A study conducted by researchers at the T.H. Chan, from Harvard University (United States) has shown that a higher consumption of walnuts, both in quantity and frequency, is associated with a lower risk of death and an increase in life expectancy among older adults, as published in the magazine ‘Nutrients’.
“What we have learned from this study is that even a few handfuls of walnuts a week can help promote longevity, especially among those whose diet quality is not great to begin with. This is practical advice that may be doable. for a large number of people seeking to improve their health, which is the most important thing for many people “, highlights Yanping Li, Principal Scientific Investigator of the Department of Nutrition of the School of Public Health TH Chan of Harvard, and principal investigator of this research.
This study, supported by the California Nut Commission, found that five or more servings of walnuts per week (one serving = 30 grams) may provide the greatest benefit for mortality risk and life expectancy. Thirty grams of walnuts are a source of important nutrients for optimal health, including protein (4g), fiber (2g), a good source of magnesium (45mg) and an excellent source of the essential omega-3 ALA (2.5g).
Consuming five or more servings per week was associated with a 14% lower risk of death (from any cause), a 25% lower risk of dying from cardiovascular disease, and a gain of approximately 1.3 years of life expectancy. life, compared to those who did not consume nuts.
Consuming walnuts two to four times a week could also have its benefits, as the study found a 13% lower risk of death overall, a 14% lower risk of dying from cardiovascular disease, and a gain of about a year in life, compared to those who did not consume nuts.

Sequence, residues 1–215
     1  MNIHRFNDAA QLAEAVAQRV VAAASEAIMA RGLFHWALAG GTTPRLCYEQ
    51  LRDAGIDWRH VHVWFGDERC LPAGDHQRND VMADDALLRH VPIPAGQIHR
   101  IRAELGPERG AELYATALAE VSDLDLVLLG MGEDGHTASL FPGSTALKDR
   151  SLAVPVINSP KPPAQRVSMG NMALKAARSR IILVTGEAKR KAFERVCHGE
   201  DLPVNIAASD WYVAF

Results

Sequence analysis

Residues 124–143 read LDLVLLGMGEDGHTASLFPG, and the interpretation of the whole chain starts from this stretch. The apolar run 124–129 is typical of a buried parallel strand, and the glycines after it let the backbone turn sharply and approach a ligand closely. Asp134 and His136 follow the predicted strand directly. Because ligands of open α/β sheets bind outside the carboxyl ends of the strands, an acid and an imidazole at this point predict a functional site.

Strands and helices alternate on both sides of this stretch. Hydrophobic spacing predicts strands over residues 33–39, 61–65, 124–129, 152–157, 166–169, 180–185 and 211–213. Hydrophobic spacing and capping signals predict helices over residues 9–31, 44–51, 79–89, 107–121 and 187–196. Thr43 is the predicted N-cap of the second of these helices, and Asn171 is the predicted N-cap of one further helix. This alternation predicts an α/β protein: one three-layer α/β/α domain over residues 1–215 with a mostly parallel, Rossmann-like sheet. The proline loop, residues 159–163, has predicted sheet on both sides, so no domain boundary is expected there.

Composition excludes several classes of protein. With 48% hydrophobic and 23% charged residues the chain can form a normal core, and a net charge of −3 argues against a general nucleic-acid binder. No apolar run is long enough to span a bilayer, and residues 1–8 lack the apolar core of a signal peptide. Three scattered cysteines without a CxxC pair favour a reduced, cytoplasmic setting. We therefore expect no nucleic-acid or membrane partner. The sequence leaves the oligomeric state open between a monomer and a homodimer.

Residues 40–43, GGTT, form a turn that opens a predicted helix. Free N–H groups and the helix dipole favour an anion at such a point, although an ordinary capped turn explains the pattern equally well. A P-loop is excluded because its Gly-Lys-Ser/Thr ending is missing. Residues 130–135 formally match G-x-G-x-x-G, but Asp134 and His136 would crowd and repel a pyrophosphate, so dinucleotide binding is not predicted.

Interestingly, even among people on a suboptimal diet, as measured by a validated index based on foods and nutrients that predict chronic disease risk, only a half-serving per day increase in walnut consumption was associated with benefits, including a 12 % less risk of death and 26% less risk of death from cardiovascular diseases, specifically.
For this study, the researchers examined data from 67,014 women from the Nurses’ Health Study with a mean age of 63.6 years and 26,326 men from the Health Professionals Follow-up Study with an age of 63.3 years in 1986 (the first data collection cycle on nut consumption in both cohorts).
Participants were relatively healthy when they joined the studies (for example, free of cancer, heart disease, and stroke) and were followed for about 20 years (1998-2018).
Dietary intake was assessed every 4 years, in which participants reported their overall dietary intake – including how often they consumed nuts, other dried fruits, and peanuts – as well as lifestyle factors such as exercise and habit. of smoking. From these data, the researchers were able to identify associations between nut consumption at different levels and different health indicators related to longevity.
As a prospective observational study, these results do not demonstrate a cause-effect relationship, but they do shed light on how walnuts can contribute to an overall healthy lifestyle that promotes longevity.
Participants who ate higher amounts of nuts tended to be more physically active, eat a healthier diet, consume less alcohol, and take multivitamins. All of these factors could influence life expectancy; however, the researchers adjusted for these in their analysis.